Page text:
The larger percentage of cryptocurrency enthusiasts that turn to mining pools, all the more dangerous this kind of mining is likely to become. The reason is simple: The potential rewards grow in correspondence with the number of participants and their hash power, and so too does the incentive to profit from it in less-than-legal or acceptable ways for some parties.
Why mine together?
In cryptocurrency mining — just like with real-life gold mining — the days of lone-wolf gold diggers drifting from place to place with their trusty tools in tow, following the trail of the elusive gold seams are long gone. While it is true that some of us can still afford to mine solo, it’s not a viable option for most people, as they do not have enough hashing power on their own to mine blocks consistently.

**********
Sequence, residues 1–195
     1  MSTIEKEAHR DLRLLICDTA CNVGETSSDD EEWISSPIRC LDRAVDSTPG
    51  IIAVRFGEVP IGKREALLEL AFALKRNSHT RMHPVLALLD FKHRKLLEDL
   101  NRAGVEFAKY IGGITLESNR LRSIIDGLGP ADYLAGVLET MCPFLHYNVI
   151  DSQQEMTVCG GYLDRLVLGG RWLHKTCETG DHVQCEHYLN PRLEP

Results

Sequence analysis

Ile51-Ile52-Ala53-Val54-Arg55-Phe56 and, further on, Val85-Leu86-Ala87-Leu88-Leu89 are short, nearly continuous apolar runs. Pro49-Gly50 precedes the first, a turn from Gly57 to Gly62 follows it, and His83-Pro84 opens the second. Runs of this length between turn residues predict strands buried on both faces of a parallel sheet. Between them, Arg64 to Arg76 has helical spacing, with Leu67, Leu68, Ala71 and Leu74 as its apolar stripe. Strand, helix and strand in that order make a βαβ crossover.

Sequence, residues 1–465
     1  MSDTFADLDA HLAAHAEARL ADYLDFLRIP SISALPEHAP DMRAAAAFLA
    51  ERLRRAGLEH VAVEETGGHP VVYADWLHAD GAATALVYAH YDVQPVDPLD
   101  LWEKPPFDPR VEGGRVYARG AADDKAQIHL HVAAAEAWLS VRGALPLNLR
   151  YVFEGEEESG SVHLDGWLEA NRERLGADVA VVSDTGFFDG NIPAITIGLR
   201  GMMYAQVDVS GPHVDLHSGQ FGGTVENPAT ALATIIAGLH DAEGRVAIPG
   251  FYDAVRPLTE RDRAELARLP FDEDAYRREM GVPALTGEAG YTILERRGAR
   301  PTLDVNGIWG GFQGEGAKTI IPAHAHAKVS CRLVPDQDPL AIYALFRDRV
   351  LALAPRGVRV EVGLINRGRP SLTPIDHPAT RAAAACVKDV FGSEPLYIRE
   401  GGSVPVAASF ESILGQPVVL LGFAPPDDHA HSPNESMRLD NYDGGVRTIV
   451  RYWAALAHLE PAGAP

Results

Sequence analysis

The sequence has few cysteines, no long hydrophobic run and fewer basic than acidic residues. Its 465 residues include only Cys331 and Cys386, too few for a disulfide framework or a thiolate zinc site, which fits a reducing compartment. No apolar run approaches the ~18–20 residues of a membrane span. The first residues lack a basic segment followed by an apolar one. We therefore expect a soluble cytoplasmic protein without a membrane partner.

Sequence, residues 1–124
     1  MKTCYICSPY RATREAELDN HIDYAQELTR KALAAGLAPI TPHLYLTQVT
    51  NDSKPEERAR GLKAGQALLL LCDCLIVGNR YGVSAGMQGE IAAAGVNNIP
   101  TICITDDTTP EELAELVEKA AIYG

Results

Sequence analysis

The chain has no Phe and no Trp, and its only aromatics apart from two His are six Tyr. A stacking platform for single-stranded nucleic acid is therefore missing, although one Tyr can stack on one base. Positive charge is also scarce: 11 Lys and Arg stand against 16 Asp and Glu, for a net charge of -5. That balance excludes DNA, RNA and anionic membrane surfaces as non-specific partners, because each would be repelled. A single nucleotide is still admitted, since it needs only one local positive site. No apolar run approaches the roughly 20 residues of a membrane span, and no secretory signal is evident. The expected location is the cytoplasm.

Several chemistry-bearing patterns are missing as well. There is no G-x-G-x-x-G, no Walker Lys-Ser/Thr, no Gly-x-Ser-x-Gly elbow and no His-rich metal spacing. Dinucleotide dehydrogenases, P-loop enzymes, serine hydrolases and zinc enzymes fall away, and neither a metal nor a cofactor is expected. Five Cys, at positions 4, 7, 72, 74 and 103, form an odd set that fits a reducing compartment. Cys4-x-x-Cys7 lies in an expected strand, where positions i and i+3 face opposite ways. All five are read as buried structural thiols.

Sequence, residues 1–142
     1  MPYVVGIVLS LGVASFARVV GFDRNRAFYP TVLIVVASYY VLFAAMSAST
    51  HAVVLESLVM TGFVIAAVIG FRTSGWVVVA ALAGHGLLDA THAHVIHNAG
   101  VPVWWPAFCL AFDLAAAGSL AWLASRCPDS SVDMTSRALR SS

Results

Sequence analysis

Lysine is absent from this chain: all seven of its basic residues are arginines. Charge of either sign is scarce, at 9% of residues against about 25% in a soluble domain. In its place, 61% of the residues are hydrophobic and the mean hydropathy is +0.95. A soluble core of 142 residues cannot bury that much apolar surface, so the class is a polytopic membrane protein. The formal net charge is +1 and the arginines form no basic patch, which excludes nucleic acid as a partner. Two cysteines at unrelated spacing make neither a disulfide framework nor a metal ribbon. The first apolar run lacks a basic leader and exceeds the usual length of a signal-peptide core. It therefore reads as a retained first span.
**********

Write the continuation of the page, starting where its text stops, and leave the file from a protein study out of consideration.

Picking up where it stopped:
The infrequency of actually finding a block these days when mining individually is what makes mining pools so tempting for many people. In sharing their resources with other miners, they are able to make the returns steadier and more predictable.
The mining difficulty is only going to increase in the future if more people get into crypto — and they most likely will.
Of course, the utility of entering a mining pool is somewhat undermined (see what I did there?) by several factors. First of all, due to the fact that mining resources and power are shared, so too must be the rewards. Every member of the